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Thinking of separating?

Frequently Asked Questions

Should I move out?

If you leave the house, it doesn't change your legal entitlements. However, it can mean that you have unstable or uncomfortable accommodation whilst the other person remains unaffected - this can impact each persons need or willingness to come to an agreement. 

What do we do next?

People make arrangements for their families in different ways:

  • some people agree verbally or in notes they've written;

  • some people need a little help to talk things through and go to mediation;

  • some people prefer lawyers to negotiate on their behalf;

  • once you've tried working it out you can ask the Federal Circuit and Family Court of Australia to decide for you. 

What are my rights in relation to my children?

Neither parent has automatic rights to a certain amount of time with their children or that their children must live with them. With no court orders in place both parents have the same 'parental responsibility' - the capacity to make decisions for their child. A Judge makes decisions about children based on what is best for the child and this is what should guide you too. 

Can I change the locks?

If you own the home, you can change the locks. If both you and your partner own the home, they can change them back. Changing the locks doesn't change a legal entitlement to the property. Changing the locks without discussing it first is likely to escalate the situation. 

Separation checklist

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It can be hard to know where to start - download our separation checklist (no email address required). It covers gathering important documents, your finances and your children. 

Information about children

When a court makes decisions about children, they look at three ideas:

  1. 'Parental responsibility' - who makes decisions for the child.

  2. 'Live with' - who a child lives with.

  3. 'Spend time with' - who a child spends time with.

The court is required to go through specific steps and consider certain different options for each of these ideas.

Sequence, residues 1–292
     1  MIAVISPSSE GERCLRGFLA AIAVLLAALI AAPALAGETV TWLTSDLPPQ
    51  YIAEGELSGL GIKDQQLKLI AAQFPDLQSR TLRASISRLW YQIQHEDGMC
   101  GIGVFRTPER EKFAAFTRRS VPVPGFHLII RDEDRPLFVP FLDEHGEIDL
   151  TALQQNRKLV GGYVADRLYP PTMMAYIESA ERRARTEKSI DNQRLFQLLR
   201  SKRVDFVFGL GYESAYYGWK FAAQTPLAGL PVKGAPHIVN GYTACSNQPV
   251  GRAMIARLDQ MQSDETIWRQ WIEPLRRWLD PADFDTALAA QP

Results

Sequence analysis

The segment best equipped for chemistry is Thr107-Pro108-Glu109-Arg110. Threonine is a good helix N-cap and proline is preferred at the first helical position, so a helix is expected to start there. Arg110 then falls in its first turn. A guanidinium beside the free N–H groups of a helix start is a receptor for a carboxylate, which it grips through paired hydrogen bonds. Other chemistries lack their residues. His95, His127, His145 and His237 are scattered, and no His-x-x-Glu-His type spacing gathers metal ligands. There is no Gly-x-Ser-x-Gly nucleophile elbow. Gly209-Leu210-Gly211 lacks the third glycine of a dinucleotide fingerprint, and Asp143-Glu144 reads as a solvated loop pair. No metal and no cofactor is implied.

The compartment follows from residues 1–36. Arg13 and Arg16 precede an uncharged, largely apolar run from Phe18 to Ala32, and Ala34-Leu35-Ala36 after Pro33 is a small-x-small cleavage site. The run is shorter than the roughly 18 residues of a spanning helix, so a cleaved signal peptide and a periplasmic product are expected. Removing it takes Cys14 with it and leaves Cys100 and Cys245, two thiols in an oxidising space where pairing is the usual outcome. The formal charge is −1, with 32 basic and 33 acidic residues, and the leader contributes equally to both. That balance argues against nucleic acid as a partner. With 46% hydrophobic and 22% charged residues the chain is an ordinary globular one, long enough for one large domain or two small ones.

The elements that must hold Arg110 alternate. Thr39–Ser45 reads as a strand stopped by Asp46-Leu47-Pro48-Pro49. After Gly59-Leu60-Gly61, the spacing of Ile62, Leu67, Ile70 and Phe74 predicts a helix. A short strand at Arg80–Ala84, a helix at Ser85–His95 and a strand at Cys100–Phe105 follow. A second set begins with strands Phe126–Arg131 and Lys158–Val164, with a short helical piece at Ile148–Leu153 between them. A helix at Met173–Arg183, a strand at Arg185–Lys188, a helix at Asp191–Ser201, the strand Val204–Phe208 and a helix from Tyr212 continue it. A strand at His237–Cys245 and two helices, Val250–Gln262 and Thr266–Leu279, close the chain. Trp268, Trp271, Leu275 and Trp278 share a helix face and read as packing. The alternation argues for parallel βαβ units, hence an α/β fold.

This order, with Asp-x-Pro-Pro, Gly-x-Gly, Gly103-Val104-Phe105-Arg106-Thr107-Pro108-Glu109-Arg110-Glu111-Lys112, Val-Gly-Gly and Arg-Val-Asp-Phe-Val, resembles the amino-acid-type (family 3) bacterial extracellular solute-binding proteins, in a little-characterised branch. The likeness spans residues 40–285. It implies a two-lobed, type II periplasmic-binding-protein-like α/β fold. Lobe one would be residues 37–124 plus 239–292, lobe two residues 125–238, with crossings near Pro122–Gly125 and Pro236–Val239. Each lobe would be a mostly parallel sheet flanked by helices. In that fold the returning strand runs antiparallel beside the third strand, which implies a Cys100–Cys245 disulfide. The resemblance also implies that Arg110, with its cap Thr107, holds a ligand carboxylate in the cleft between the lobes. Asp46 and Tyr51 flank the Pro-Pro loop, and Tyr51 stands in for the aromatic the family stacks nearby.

Parental responsibility

There is a presumption that it is in the best interests of a child for the parents to have equal shared parental responsibility. The presumption doesn't apply if the parent has abused the child or has engaged in family violence.

Equal time consideration

If there is equal shared parental responsibility the court must consider whether equal time is in the child's best interest and reasonably practicable. 

Reasonably practicable includes looking at:

  • how far apart the parents live

  • the parents capacity to implement the arrangement

  • the impact the arrangement would have on the child.

Substantial and significant time consideration

If the Court doesn't make an order for equal time, it must consider whether substantial and significant time is in the child's best interest and reasonably practicable. 

Other arrangements 

If the Court doesn't make an order for substantial and significant time it may consider orders that are in the best interest of the child. 

Best interests of children

The court makes decisions about your children based on what is in their best interest - this is more important than anything else. No parent has automatic rights.


What is best for a child includes:

  • the benefit to the child in having a meaningful relationship with both parents and

  • the need to protect the child from harm from abuse, neglect or family violence. 


Information about property

Read more here:

There is no requirement to divide property 50/50. Each case is individual. The main steps the court goes through to work out who should get what are:

  1. to make a list of what you have - things either of you own and debts either of you have.

  2. to divide what you have by looking at:

  • contributions: what you brought to the relationship, what you did during the relationship and what happened after separation.​

  • what you both need for the future

Information about divorce

A divorce is a court order that your marriage has ended. 

You get a divorce by applying to the court. You don't need the other person's permission or agreement. 

A divorce application does not involve the court making a decision about your children or property, these are separate to the question of whether your marriage has ended. 

For information on how to get a divorce read this:

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